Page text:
Last week, Kobe Bryant made a judgment call in the heat of the moment that he is now literally paying for over and over again. If you missed it, the L.A. Laker lashed out about receiving a technical foul, calling the ref a "f***-ing [gay slur]," as he sat down on the bench. He did make a public apology soon thereafter, which is the very least you'd expect in a situation like this. But then the NBA slapped him with a $100,000 fine, issuing a statement that said, “Insensitive or derogatory comments ... have no place in our game."
The Lakers announced a partnership with the Gay and Lesbian Alliance Against Defamation to keep anti-gay slurs out of basketball. And now, the Lakers are continuing the damage control campaign with a public service announcement about how "words can be hurtful."
Too bad you can totally tell Kobe is less than thrilled.
In the PSA, he notes that it's our differences that make us special and whether someone is different in race, ethnicity, political beliefs, religion, or sexual orientation, words can be hurtful. We should "replace them with compassion, understanding, and acceptance." Because "we're all in this together!" (Cue High School Musical soundtrack.)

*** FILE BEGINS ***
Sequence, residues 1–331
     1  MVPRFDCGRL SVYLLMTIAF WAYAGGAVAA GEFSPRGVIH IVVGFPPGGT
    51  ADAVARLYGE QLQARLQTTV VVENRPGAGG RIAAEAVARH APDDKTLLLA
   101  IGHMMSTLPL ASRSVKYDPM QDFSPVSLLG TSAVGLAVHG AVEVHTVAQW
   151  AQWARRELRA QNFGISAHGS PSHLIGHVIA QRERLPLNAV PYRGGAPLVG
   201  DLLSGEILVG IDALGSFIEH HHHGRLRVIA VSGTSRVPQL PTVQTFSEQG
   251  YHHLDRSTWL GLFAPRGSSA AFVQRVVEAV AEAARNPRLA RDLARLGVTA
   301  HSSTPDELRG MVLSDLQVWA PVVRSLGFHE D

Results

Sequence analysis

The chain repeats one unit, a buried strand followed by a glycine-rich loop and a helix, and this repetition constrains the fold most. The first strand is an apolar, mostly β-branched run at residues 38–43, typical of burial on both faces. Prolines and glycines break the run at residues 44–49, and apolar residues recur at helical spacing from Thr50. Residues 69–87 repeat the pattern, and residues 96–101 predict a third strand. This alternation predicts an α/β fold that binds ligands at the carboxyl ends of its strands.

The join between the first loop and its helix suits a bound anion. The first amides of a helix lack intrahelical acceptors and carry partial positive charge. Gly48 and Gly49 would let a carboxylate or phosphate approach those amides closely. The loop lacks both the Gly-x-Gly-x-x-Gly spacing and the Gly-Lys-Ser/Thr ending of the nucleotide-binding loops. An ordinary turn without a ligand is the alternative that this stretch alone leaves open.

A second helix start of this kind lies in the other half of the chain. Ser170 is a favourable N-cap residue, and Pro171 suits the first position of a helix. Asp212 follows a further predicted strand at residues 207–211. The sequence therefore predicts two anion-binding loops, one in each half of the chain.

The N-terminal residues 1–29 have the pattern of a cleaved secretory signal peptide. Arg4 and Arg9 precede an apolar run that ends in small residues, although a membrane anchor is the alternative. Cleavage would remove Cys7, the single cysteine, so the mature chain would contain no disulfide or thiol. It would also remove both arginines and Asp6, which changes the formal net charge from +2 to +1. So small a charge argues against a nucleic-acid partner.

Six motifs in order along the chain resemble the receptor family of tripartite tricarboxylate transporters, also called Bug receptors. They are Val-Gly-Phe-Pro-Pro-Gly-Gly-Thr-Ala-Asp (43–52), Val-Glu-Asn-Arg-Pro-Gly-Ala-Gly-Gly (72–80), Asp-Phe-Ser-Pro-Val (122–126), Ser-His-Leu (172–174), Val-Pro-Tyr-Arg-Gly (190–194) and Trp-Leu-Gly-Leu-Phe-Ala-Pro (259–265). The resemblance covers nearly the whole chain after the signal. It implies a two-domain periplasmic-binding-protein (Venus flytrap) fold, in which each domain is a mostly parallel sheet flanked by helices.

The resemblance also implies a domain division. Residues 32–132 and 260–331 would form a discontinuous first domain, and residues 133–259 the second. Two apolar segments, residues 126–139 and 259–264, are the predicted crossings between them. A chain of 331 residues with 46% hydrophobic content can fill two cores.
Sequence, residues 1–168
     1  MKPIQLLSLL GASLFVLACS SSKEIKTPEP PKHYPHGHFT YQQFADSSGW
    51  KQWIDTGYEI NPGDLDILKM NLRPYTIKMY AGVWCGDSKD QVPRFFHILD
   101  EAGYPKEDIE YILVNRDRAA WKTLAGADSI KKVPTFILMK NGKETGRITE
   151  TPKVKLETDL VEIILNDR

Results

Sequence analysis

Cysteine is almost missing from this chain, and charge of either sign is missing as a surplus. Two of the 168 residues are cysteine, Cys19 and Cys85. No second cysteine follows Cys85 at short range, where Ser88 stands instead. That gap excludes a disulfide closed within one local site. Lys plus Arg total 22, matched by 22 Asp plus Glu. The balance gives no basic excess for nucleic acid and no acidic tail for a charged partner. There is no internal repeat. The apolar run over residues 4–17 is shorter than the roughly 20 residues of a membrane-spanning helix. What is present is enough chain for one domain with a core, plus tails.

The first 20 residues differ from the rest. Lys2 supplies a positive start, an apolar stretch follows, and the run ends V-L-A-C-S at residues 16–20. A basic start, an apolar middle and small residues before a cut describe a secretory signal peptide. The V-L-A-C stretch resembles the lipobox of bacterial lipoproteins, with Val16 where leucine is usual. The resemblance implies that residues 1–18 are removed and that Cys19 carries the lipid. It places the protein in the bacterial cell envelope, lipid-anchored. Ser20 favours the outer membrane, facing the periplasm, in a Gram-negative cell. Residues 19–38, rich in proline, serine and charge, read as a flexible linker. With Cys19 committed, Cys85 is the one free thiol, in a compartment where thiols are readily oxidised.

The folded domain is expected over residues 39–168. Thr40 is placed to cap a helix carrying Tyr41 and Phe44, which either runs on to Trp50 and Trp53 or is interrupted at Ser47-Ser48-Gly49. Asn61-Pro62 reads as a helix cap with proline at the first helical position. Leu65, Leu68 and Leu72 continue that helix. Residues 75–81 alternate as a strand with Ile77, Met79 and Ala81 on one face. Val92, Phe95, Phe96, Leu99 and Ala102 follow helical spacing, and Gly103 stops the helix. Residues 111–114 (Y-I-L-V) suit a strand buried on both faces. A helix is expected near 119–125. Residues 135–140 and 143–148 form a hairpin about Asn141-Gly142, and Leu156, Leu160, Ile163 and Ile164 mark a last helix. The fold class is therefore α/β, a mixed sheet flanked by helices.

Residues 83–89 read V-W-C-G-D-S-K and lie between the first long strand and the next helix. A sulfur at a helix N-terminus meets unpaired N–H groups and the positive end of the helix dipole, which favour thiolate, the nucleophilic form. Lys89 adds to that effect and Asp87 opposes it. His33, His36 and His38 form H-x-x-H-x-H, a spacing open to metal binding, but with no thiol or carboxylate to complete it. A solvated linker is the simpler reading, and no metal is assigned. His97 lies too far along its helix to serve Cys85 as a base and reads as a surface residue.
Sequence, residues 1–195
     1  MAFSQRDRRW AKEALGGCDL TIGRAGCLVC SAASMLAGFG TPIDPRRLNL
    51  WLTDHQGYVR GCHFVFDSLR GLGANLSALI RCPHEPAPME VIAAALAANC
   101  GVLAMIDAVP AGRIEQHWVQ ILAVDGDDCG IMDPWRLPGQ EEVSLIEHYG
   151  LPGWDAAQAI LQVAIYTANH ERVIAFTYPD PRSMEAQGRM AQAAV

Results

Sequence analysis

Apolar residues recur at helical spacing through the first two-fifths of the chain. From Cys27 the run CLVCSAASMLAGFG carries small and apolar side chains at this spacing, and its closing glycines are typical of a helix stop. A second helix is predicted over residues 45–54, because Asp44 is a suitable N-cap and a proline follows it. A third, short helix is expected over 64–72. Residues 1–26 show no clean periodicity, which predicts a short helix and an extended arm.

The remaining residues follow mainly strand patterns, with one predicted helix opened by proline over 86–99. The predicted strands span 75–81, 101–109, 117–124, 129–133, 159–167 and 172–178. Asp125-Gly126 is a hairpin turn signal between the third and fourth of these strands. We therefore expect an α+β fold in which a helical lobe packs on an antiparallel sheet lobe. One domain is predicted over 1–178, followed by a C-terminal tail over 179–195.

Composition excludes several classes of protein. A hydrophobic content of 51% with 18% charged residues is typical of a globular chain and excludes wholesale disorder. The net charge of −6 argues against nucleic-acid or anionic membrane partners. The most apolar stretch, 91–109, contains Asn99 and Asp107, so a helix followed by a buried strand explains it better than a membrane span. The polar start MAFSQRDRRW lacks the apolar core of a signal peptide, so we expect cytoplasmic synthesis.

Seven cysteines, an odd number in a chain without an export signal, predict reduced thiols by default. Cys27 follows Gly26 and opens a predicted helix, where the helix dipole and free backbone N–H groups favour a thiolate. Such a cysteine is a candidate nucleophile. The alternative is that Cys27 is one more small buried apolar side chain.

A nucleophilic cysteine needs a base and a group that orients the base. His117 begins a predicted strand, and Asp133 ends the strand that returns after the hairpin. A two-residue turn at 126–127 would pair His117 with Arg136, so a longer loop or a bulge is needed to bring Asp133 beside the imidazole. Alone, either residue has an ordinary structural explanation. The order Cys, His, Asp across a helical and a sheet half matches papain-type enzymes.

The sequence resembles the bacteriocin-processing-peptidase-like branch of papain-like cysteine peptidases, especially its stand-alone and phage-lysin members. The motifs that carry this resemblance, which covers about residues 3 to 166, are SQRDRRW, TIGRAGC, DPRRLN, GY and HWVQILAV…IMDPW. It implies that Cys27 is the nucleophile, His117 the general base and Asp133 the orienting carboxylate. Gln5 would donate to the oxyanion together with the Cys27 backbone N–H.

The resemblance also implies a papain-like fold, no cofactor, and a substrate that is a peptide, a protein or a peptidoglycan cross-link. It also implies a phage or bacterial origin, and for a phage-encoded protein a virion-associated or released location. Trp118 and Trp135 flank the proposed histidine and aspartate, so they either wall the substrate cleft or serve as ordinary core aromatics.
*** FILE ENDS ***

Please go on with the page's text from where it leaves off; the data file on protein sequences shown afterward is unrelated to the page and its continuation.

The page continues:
I'm sure he's already sick to death of this whole thing and wishes it would just go away, but he screwed up and now he's paying for it ... big time.
I have to say I'm pretty impressed with the PSA being made in the first place and that the NBA and the Lakers seem to be taking this so seriously. They could have just required that Bryant issue the public apology, perhaps pay a fine, and then proceed to brush it under the rug. But instead, they're really trying to go out of their way to make it right.
I just keep thinking about how so many young people watch basketball and see their favorite players as icons. They aspire to be just like them, so when a hateful slur comes out of a pro-athlete's mouth, there is like a domino effect of negative consequences. That's why, although it may seem like Bryant's being pummeled for this -- it's barely enough.
I'm all for the Lakers working on an ongoing basis with GLAAD. Because hopefully that kind of partnership can preempt more spewing of hate -- even if it "only" comes in the form of a heated remark or off-the-cuff comment.
Here's the PSA, if you want to check it out ...
Do you think Kobe Bryant and/or the Lakers could still do more to make this right?
Image via YouTube